Mayor Marion S. Barry Jr. yesterday said that the city has received a $298,000 federal grant to study the possibility of processing the city's garbage to produce energy.

It was not clear yesterday what kind of garbage processing plant the city would consider. Those already tested include plants that condense garbage into pellets to be burned as fuel, plants that burn garbage to produce steam or hot water for industrial use, systems that burn garbage with little oxygen to produce gas, oil or char, and plants that allow microorganisms to feed on garbage and produce methane gas or sugar which is fermented to produce alcohol or gasohol.

Barry announced a comprehensive resource recycling program that he said would make Washington a leader in resource recovery. However, at least 12 other cities within the past five years, including Baltimore, have embarked on similar programs and nearly all are losing money because they do not work properly.

Baltimore, for instance, was plagued with nearly daily breakdowns and pollution problems with its garbage for energy plant. It was shut down for 15 months to make $4.5 million in improvements. It just began scaled down operations last June and it is reportedly working much better.

The city will match the federal grant with $60,000 in city revenues and $57,800 if in-kind services.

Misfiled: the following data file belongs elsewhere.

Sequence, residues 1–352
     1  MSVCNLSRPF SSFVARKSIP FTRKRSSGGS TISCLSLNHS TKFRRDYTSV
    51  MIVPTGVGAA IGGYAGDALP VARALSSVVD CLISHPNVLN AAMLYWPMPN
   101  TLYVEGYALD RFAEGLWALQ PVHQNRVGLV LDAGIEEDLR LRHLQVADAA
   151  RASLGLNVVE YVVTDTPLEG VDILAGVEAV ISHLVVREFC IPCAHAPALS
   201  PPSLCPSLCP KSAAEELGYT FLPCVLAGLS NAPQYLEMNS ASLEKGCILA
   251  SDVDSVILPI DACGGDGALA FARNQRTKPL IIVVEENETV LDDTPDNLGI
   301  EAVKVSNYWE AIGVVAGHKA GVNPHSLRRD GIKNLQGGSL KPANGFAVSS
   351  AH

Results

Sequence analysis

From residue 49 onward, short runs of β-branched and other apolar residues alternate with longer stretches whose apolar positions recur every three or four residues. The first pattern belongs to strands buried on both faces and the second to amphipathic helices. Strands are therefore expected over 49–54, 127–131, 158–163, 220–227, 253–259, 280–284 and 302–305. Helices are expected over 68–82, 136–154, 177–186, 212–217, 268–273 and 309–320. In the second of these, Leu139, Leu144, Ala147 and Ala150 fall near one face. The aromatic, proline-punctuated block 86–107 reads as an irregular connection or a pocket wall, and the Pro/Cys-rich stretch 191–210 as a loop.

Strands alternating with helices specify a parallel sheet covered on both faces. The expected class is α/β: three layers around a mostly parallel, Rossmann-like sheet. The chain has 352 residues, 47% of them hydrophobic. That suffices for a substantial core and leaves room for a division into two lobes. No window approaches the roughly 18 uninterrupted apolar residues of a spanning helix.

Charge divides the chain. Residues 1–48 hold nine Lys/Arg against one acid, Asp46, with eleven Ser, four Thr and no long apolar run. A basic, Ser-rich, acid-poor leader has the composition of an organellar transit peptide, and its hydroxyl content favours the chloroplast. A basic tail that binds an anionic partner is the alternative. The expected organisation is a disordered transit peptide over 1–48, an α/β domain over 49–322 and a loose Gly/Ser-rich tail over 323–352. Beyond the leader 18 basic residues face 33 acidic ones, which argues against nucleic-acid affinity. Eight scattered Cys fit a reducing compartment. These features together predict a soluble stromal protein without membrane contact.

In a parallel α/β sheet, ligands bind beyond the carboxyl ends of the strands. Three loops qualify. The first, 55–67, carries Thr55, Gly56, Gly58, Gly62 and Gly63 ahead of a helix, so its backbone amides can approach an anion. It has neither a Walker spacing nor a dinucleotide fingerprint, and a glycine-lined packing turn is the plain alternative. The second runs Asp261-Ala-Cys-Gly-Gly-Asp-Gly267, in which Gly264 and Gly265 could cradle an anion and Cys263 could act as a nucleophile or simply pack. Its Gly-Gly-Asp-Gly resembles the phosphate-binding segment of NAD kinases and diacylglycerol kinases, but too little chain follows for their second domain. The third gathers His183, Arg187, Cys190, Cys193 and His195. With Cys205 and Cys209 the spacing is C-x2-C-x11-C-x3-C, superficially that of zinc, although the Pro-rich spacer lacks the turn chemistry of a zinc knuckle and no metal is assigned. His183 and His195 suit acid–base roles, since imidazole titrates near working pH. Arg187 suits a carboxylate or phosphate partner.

When asked why the city would embark on a program that has lost money for other cities, Barry said that the federal grant will help the city to perfect the system. "Obviously it needs additional work," Barry said. "We're not saying we know all the answers."

The program also includes the saving by city employes of white paper, computer printouts and punch cards and other office paper for recycling. Newspapers in Ward 4 will also be collected for recyling as part of a program that will be explained to other parts of the city next year, Barry said.

"I sought some legislative means of reducing our total energy consumption when I was a council member," Barry said. "I expect that this new program will substantially reduce the need for expanded landfill and other trash disposal alternatives. The program also has the potential to actually produce energy and add revenues for the city."

Most of the nation's resource recovery programs are losing money and municipalities with them have estimated that they will not become profitable, if ever, until at least five years of operation.

After numerous questions about the feasibility of the plan, Barry told reporters, "That's what leadership is about. You have to try this. You have to try something. We're determined to work on this. I've done the impossible before."